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Fruitvale Station

  R HD Closed Captioning

Ryan Coogler

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Plot Summary

Filmmaker Ryan Coogler makes his feature directorial debut with this drama centered on the tragic shooting of Oscar Grant (Michael B. Jordan), a vibrant 22-year-old Bay Area father who was senselessly gunned down by BART officers on New Year’s Day in 2009, and whose murder sent shockwaves through the nation after being captured on camera by his fellow passengers. Academy Award® winner Octavia Spencer, Melonie Diaz, and Kevin Durand co-star.

Rotten Tomatoes Movie Reviews

TOMATOMETER

94%
  • Reviews Counted: 187
  • Fresh: 175
  • Rotten: 12
  • Average Rating: 8.1/10

Top Critics' Reviews

Fresh: Writer-director Ryan Coogler's [film is an] assured and evenhanded debut. – Mary F. Pols, TIME Magazine, Dec 10, 2013

Fresh: The intimacy of debut writer-director Ryan Coogler's approach to the film and the no-frills, believably real quality of the main performances combine to drive the senselessness of Oscar's killing home with visceral impact. – Bruce Ingram, Chicago Sun-Times, Dec 10, 2013

Fresh: Michael B. Jordan is simply brilliant in his portrayal of Grant, whom Coogler presents as a generally happy, if complex and somewhat troubled young man. – Bill Goodykoontz, Arizona Republic, Dec 10, 2013

Fresh: Coogler's realistic debut recreates Grant's final day with affection, refusing to cast him as either saint or sinner. – Kate Muir, Times [UK], Sep 23, 2014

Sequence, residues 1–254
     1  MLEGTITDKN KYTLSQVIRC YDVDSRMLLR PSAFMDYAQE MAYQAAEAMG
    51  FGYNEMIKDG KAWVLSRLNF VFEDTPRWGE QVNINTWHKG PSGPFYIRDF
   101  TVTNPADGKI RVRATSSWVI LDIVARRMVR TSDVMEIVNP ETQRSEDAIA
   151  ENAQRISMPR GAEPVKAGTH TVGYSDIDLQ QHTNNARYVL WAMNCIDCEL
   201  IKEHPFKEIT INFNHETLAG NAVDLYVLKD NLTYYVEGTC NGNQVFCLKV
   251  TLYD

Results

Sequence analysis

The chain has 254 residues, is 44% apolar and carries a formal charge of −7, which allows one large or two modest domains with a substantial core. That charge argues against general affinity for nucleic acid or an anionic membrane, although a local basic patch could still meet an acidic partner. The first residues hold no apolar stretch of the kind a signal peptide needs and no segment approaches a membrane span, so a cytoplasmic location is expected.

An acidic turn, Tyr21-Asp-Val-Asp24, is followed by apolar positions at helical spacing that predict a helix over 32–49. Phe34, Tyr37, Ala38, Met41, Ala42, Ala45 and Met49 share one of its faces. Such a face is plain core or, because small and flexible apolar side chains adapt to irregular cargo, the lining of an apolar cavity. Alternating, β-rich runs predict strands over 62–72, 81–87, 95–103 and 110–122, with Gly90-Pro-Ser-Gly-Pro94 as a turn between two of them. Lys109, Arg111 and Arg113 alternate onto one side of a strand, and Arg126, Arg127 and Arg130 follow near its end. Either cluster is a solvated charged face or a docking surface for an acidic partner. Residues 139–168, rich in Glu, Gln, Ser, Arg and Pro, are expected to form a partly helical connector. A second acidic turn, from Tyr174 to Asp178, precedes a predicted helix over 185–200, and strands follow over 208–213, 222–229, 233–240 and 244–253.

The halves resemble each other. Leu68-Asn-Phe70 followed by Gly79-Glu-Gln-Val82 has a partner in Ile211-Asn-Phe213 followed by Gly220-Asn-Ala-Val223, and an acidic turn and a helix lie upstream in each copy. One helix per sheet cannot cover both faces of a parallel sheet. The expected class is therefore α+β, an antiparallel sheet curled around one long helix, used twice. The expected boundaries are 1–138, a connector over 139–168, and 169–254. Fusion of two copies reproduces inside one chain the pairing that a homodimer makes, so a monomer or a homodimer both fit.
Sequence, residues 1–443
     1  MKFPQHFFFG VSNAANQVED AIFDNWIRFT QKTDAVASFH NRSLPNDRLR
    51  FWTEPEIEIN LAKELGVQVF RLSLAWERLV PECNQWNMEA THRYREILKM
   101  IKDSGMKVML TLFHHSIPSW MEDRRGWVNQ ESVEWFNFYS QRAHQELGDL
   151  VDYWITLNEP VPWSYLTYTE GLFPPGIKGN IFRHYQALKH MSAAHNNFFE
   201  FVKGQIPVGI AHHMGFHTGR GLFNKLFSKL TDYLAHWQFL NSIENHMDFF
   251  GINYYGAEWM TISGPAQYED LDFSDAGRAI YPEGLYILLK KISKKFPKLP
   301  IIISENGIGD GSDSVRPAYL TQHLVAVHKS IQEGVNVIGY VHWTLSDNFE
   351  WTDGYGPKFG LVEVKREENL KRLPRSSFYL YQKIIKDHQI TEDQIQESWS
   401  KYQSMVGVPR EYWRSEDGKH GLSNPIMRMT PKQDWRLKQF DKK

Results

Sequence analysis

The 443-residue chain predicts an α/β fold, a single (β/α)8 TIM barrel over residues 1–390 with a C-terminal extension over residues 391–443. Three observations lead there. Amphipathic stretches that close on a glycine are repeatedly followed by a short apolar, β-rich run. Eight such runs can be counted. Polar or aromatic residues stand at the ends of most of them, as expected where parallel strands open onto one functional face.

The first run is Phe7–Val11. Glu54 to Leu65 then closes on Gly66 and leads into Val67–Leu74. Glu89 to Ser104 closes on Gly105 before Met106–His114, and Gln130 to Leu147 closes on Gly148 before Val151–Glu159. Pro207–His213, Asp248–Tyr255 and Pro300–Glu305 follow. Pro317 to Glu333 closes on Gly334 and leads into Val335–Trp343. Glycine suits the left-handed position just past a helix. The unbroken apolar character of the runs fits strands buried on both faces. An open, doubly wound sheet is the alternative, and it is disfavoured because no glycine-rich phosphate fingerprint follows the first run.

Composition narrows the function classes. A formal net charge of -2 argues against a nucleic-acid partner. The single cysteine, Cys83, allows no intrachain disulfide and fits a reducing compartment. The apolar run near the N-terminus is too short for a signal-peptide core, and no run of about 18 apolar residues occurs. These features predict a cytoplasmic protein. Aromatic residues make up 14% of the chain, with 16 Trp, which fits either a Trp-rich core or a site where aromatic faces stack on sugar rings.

Read More About This Movie On Rotten Tomatoes

Customer Reviews

It Was Negligence Not An Accident!!!

This movie is a great conversation piece amongst all circles of life. A young mans life was taken out of negligence. He may not have been a perfect human but he was human none the less.

I grew up and live in the Bay Area. This is a snapshot into a small part of life here. Most importantly its the story of the last day of Oscar's life. A life that was cut short but the conversation needs to continue so these senseless acts of violence don't. Especially from individuals we are supposed to trust as a society.

If this movie doesn't win any awards, I'll never watch an award show again. RIP Oscar!

To Mateosumeo, read my title. Oscar is never portrayed as an Saint. He is portrayed as a real young man from the Bay Area of California. Dealing with the real struggles of life that exist for so many others here. Relationships issues, job issues, drug/alcohol issues, and most importantly trying to distance himself from "that life".

The truth Mateo is Oscar should not be dead at the hands of any Law Enforcement Officer.

THE MOST PASSIONATE, POWERFULLY ACTED DRAMA OF 2013